I follow a bunch of super-talented, gorgeous bloggers on Instagram. My feed is filled with unbelievably-styled pictures, beautifully-written posts, amazingly-decorated homes and dressed-to-kill kids. I admire these bloggers, I really do! But I also feel, “Why am I doing this blogging/writing thing anyway? I seriously don’t measure up.”
Do you also struggle with feelings of inadequacy? Do you measure yourself against someone else’s perceived perfection? Do you wish you could decorate like Joanna Gains? And have that adorable, sexy banter with your husband? All the while looking effortlessly stylish and skinny? Geesh!
Look at your own social media feed. Wouldn’t you say that it encapsulates maybe 1% of the best of your life – ignoring the 99% of the normal, mundane or just plain ugly, of our real lives?
With that in mind, I’ve got to admit a few things to you:
- My carefully edited photos steathily hide my clutter.
- I love chocolate a little too much. 😉
- I am not surrounded by 20 supportive life-long friends that have helped me get through the roughest places of my life. And we don’t have coffee dates regularly.
- I wish I was a better/more fun/never cranky parent.
- I have struggled through blogging when no one was reading.
- My upbringing is what makes me so passionate about raising healthy families. But, I feel the tension in sharing too much, because I want to guard the people that I love.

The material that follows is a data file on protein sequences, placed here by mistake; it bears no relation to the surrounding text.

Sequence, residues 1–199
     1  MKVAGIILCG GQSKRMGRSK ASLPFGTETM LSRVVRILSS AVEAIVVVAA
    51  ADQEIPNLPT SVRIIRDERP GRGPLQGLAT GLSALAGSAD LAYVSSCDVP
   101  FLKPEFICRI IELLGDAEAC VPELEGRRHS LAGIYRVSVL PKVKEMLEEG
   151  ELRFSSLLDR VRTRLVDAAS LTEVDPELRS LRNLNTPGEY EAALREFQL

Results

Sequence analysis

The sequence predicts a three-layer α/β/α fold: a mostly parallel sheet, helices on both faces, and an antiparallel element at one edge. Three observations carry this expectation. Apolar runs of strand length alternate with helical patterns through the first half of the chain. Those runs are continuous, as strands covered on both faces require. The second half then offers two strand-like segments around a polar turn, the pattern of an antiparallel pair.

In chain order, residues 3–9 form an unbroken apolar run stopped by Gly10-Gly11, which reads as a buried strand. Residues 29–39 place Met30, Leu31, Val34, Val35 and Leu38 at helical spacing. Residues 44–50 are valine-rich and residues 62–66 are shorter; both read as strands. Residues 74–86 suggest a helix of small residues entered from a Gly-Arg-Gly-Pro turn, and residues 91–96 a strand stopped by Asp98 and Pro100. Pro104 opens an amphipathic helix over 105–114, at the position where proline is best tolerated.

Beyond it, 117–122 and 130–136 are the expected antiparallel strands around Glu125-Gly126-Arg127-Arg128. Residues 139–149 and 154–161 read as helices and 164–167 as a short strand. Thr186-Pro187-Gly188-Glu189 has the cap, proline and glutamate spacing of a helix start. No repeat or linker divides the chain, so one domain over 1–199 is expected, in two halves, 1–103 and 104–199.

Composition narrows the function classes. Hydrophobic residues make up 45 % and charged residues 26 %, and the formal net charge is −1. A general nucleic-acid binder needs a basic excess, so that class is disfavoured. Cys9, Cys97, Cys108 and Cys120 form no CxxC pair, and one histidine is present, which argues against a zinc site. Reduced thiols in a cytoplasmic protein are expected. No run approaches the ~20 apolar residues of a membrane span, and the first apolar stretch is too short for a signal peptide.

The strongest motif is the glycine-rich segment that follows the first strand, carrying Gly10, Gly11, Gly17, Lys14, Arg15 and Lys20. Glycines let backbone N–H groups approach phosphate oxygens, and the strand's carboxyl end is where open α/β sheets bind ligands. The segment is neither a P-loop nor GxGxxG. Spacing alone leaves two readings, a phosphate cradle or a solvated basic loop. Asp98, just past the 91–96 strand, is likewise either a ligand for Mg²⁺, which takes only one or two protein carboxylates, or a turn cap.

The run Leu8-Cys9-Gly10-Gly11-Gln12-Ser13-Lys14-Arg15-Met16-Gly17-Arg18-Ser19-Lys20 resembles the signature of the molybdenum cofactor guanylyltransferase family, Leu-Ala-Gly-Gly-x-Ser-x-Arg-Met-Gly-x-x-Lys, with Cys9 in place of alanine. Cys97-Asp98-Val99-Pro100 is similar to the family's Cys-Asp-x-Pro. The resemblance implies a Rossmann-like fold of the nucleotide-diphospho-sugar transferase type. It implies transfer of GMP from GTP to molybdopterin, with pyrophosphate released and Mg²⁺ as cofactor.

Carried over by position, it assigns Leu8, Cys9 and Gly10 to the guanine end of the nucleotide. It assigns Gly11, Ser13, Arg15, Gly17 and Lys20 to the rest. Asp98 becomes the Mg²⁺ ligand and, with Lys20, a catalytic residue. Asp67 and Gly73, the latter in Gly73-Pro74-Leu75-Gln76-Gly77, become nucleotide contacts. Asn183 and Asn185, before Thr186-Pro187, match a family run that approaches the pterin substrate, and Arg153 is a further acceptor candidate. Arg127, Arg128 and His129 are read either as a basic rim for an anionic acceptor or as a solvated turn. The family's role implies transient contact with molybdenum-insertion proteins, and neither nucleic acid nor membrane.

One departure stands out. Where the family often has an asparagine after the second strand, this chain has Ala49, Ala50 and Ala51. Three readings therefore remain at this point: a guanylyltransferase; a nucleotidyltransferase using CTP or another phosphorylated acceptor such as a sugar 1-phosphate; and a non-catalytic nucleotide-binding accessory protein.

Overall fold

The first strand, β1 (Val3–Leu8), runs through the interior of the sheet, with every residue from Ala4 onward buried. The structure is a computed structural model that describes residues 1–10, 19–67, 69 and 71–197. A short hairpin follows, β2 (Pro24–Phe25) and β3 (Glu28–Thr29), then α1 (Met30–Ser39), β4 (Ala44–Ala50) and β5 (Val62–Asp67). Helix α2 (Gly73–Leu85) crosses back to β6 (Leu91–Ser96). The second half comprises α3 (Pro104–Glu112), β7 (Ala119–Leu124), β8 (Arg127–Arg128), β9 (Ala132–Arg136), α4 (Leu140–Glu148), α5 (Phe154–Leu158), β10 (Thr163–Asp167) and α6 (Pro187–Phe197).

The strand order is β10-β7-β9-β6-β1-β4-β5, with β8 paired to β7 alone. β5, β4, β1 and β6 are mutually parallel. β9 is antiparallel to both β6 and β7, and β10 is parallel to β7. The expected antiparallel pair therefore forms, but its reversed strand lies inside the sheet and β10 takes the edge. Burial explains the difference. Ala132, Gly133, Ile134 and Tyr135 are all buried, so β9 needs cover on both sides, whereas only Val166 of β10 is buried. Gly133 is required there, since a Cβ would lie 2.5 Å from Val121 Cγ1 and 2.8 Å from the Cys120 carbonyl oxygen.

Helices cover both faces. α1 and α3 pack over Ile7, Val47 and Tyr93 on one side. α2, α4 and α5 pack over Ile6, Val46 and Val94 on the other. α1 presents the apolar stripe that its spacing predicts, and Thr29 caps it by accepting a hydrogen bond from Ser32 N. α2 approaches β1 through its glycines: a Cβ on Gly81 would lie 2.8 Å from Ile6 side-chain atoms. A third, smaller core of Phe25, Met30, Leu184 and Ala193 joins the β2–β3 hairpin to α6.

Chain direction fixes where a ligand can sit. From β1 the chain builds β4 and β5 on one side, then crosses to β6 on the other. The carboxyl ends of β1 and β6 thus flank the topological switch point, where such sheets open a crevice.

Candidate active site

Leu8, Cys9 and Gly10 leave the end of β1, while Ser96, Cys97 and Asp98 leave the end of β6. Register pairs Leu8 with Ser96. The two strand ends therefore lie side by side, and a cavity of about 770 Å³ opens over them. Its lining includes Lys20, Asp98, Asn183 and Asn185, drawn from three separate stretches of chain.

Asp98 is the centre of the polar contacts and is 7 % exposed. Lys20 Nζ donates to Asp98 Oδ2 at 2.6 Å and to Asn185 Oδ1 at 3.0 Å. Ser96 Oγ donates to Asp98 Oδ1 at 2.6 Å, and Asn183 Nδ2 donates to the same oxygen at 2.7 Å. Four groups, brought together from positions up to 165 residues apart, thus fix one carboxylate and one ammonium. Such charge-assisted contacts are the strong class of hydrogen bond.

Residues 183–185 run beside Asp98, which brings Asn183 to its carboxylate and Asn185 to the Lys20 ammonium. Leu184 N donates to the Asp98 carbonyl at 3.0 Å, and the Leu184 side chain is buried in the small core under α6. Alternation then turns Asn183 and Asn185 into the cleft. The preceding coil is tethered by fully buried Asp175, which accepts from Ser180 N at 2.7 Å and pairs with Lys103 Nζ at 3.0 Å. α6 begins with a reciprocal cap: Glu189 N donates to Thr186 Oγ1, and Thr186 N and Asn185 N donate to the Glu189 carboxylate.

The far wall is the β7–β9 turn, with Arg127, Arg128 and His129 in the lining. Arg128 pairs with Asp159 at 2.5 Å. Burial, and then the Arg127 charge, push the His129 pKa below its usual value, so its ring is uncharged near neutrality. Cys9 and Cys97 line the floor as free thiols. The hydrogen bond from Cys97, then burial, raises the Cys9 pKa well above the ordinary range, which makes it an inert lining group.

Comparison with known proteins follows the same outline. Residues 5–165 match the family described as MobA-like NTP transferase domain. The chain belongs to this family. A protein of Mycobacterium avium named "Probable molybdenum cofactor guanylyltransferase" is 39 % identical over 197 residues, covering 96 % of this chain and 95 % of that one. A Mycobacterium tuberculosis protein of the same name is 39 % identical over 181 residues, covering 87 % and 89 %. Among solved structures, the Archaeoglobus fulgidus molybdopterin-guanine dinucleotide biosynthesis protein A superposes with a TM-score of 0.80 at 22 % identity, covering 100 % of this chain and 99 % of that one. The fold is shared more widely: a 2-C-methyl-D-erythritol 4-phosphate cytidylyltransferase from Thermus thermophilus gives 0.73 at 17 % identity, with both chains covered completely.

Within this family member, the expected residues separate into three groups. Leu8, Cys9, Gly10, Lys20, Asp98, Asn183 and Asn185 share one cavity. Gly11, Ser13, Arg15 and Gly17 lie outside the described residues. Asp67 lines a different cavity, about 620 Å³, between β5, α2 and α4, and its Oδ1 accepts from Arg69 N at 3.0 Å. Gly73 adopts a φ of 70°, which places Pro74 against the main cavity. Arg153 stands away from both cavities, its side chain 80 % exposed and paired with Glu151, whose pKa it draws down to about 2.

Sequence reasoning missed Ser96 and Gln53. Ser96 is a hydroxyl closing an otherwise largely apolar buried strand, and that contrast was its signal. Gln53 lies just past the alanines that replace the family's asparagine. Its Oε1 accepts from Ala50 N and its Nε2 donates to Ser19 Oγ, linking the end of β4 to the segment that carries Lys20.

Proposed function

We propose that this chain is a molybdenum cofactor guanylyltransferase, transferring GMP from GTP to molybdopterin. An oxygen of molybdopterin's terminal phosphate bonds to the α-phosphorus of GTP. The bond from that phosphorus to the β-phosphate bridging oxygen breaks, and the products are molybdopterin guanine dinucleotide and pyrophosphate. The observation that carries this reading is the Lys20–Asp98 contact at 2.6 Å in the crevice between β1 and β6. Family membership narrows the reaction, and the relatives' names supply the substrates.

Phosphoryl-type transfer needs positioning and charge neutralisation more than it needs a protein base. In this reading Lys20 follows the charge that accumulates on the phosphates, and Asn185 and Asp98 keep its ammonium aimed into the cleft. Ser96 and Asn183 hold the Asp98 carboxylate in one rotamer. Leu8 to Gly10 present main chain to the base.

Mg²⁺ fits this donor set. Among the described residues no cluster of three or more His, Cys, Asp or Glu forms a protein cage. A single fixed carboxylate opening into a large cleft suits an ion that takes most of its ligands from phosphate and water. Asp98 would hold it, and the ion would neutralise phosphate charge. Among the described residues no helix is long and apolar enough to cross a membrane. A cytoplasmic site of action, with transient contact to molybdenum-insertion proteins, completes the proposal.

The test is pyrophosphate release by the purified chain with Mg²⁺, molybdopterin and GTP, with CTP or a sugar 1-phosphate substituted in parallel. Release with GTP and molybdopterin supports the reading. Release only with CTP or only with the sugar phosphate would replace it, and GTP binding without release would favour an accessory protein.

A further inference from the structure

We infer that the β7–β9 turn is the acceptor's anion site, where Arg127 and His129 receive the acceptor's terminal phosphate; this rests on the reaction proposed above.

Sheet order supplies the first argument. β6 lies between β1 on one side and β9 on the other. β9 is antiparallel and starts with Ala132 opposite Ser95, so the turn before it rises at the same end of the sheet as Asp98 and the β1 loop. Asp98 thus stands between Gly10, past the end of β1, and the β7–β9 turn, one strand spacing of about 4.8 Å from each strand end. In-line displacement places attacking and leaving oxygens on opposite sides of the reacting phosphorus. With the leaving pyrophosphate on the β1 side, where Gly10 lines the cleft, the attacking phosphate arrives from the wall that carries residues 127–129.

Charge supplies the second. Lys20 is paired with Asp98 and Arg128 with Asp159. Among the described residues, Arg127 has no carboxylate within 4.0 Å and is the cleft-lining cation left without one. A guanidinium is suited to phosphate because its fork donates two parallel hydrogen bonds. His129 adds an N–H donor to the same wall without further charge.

- I can’t dance but I totally do at my house…to the total embarrassment of my kids.
- I have to continually learn to rest in Jesus. That it’s not about my performance or perfection. I don’t need to hide my faults from him or anyone else, because he loved me at my worst.
- I will never be cool enough to get a tattoo.
I’m not writing this for me. I know all my faults (and these aren’t the worst of them, these are just the ones I can bear to put in print!) I write this for you. Whoever you are, I want you to know that no matter how perfect someone’s life looks, she has problems, insecurities and a past, just like you.
Most bloggers I know are wonderfully honest and forthcoming with their struggles. You can’t write very long without learning that authenticity is one of the most enduring gifts a writer can have and one that draws all of us imperfect humans to keep reading.
I hope you are encouraged to rest in Christ, to be authentically you, and to trust God with your future. The world needs to hear your voice as well. Just be the best version of you, that you can be.
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